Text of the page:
“In this State the law takes the ground, and justly, as I can prove, that the stuff is unwholesome. Section 20 of chapter 183 reads : “This act and each section thereof is declared to be enacted to prevent deception in the sale of dairy products, and to preserve the public health, which is endangered by the manufacture of the articles or substances herein regulated or prohibited.' This is as plain English as can be desired and nobody can dispute the right of a government to protect the health of its people.”
THE LAWS OF THE DIFFERENT STATES. The last annual report of Dairy Commissioner J. K. Brown, of New York, contains a succinct presentation of the status of dairy products in all the leading States of the Union. He has not confined himself to New York in his researches, but has obtained information on this vital and important subject from all parts of the country. While Commissioner Brown is understood to hold strong prohibition views, the portion of his report bearing upon his recommendations has not yet been made public; and whether he will recommend a more stringent law or not cannot now be definitely asserted. The facts he gives relative to the laws in other States, however, are well worthy of reproduction here.
Of the thirty-eight States in the Union, all but ten have laws governing the manufacture and sale of sham butter. These are Alabama, Arkansas, Kansas, Kentucky, Louisiana, Mississippi, Nevada, North Carolina, South Carolina, and Texas, none of which rank very high among the butter-producing States. Of the Territories, Idaho, Montana, New Mexico, Utah, Washington, and Wyoming are as yet unprotected by laws against the swindle. In all the other States and Territories there are laws guarding one or all of the branches of dairy production. In California, where the butter produced in factories and creameries, not counting that made by the farmers, amounted in 1880 to 2,074,344 pounds, manufacturers and dealers in oleomargarine are required to brand the article with its proper name. The law also requires hotel keepers, restaurant keepers, and others who feed the public for pay to keep posted up in three conspicuous places a notification to customers that their bread must be buttered with oleomargarine. Any caterer who sets out oleomargarine without such notification is subject to fine or imprisonment.
Colorado is also well protected. A fine or imprisonment is the penalty for selling adulter. ated milk or that from which the cream has been taken or from which the strippings have been withheld. Dealers may, however, sell skimmed milk if they inform their customers of the fact that it has been skimmed. Protection against oleomargarine is sought to be secured by imposing a license of $1,000 on any one proposing to manufacture it, and one of $500 on the seller. A penalty of from $50 to $500 is attached to the manufacture or selling of oleomargarine as butter.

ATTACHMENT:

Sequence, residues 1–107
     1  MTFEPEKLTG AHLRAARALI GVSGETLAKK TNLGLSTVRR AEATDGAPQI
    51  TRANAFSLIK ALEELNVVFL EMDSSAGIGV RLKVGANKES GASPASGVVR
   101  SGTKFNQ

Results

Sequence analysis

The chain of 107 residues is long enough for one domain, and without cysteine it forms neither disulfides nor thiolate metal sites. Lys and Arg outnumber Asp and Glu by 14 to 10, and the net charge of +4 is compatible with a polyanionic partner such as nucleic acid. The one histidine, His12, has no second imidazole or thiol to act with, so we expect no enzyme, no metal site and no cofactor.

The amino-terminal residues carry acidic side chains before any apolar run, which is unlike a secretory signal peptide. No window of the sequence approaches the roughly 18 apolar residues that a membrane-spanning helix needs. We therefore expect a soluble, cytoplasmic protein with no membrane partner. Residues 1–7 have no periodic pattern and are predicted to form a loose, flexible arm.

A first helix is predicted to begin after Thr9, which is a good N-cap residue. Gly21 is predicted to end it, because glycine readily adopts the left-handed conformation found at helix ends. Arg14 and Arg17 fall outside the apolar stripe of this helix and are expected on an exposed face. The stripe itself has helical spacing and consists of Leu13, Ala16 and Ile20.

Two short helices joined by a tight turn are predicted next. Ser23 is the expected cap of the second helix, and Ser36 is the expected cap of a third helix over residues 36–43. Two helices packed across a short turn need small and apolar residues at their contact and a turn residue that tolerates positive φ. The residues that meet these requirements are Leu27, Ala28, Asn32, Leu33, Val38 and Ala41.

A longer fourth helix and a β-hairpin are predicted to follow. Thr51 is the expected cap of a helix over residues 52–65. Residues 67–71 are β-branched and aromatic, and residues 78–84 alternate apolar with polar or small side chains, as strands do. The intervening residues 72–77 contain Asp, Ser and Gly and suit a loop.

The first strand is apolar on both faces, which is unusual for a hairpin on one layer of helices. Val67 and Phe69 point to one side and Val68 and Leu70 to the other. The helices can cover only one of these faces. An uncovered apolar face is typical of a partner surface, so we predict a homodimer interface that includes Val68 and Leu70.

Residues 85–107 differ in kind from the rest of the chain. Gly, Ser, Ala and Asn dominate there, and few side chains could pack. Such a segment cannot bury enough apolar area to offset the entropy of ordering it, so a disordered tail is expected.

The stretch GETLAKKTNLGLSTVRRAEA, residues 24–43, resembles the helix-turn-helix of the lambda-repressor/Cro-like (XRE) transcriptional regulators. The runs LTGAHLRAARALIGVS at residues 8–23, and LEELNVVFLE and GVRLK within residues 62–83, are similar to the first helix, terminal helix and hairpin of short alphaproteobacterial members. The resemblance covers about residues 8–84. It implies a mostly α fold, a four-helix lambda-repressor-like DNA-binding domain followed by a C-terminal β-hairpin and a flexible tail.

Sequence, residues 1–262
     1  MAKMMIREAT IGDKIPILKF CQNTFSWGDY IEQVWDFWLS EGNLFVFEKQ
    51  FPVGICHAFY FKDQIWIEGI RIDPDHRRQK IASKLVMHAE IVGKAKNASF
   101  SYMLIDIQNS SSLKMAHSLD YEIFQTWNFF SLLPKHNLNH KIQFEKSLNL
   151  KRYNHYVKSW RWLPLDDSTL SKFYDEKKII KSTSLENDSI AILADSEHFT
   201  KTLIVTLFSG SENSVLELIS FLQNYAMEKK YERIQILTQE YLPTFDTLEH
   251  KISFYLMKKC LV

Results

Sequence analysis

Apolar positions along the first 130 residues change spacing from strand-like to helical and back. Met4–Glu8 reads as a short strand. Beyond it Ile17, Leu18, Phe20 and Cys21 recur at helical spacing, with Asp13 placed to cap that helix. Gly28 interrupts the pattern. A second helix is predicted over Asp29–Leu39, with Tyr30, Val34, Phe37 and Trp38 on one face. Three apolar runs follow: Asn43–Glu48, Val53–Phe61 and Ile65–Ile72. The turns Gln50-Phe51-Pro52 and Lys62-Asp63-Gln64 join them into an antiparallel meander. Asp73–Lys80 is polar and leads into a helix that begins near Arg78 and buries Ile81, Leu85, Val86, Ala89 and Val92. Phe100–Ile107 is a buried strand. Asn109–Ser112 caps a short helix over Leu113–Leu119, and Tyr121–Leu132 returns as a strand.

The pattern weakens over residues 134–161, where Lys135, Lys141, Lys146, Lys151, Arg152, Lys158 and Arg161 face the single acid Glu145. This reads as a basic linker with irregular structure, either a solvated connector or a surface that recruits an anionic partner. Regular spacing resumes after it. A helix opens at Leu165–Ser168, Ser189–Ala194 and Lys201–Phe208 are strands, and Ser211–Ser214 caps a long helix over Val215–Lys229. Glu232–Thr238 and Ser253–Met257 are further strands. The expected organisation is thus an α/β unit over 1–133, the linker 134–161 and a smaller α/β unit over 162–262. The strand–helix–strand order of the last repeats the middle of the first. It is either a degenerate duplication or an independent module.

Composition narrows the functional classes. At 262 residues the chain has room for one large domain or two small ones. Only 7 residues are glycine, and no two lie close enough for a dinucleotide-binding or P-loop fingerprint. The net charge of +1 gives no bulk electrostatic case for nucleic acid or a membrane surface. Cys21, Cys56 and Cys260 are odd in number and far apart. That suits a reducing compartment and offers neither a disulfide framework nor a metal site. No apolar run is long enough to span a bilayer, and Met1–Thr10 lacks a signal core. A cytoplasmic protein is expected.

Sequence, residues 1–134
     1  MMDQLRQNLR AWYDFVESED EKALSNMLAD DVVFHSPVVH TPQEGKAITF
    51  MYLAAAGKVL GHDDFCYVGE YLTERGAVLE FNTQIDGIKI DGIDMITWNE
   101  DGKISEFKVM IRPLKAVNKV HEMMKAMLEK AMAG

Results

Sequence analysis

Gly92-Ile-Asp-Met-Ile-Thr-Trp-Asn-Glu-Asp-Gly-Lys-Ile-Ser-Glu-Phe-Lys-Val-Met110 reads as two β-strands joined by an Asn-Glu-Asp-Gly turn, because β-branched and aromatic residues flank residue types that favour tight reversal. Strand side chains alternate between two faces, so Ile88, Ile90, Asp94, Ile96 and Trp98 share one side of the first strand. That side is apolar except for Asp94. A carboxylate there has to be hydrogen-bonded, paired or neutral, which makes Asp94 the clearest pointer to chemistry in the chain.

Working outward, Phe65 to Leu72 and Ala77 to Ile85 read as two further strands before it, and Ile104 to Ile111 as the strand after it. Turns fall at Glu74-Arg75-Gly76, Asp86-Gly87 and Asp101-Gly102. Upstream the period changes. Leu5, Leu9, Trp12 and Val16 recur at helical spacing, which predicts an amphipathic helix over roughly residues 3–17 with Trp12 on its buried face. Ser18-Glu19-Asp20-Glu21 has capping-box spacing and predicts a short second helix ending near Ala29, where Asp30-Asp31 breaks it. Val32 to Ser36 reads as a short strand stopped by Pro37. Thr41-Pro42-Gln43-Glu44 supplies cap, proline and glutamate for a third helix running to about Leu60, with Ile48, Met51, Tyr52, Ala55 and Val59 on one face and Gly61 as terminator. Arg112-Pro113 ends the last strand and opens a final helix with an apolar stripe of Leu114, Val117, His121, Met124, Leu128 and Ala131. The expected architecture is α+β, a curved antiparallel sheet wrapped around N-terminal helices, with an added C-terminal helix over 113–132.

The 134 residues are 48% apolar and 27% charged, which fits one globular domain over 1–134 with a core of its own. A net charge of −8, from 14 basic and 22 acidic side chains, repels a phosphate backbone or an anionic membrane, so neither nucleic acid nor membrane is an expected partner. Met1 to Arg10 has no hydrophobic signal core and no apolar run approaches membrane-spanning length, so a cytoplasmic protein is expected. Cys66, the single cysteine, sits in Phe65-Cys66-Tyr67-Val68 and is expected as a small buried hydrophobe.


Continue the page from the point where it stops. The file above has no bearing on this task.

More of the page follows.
Indiana has had long standing in its Revised Statutes a law against selling impure milk or milk from cows to which anything but wholesome and natural food is given. The old law also prohibits the use of deleterious substances for coloring butter and cheese, the penalties ranging from $50 to $500. In 1883 the subject of oleomargarine was taken up by the Legislature, and a law was passed requiring oleomargarine, in whatever shape it is offered for sale, to be branded as oleomargarine, and fines from $10 to $50 are imposed for failure to comply with the law.
Iowa imposes heavy penalties for adulterating milk, requires oleomargarine to be branded or stamped with its proper name, and prohibits the offering for sale of skimmed-milk, cheese or any cheese containing an admixture of oleomargarine or other substance, unless the adulterated product is plainly stamped with words setting forth just what it is.
Maine prohibits the manufacture and sale of oleomargarine, and imposes a fine of $100 for the first offense and $200 for each subsequent offense.
Massachusetts seems not to have awakened to the subject of imitation butter, but it has provisions for heavy fines for selling adulterated milk.
Michigan has about the same prohibitory law that obtains in Maine. An act of 1885 forbids oleomargarine altogether, under a penalty of from $200 to $500, with imprisonment not to exceed one year.
In Minnesota a penalty of from $2 to $200 is imposed for selling impure milk, while oleomargarine is altogether prohibited, the penalty of violating the law being from $100 to $500. The prohibitory law in Minnesota was also passed in 1885. The Maryland law is substantially the same as the Iowa law, requiring any imitation of butter to be branded with its proper name. The penalties in Maryland are somewhat heavier then they are in Iowa.
Missouri has taken the same extreme measure that prevails in Maine, Michigan, and Minnesota, prohibiting the manufacture and sale of imitation butter, but it emphasizes its ob. ection to the substance by imposing a fine of $1,000 and imprisonment for violating the law.
In Connecticut and Delaware the law is substantially the same. It aims to put imitation batter on its merits, and that is all that is demanded by dealers in legitimate dairy products. In Connecticut, however, the dealer is required to post a notice in his place of business anbouncing that he sells oleomargarine. In Delaware any substance offered for sale as butter that it is not real butter must be marked artificial butter. The fine for violation of the law in Connecticut is only $7 or imprisonment for from ten to thirty days, but in Delaware the fine is $50, with imprisonment till the same is paid.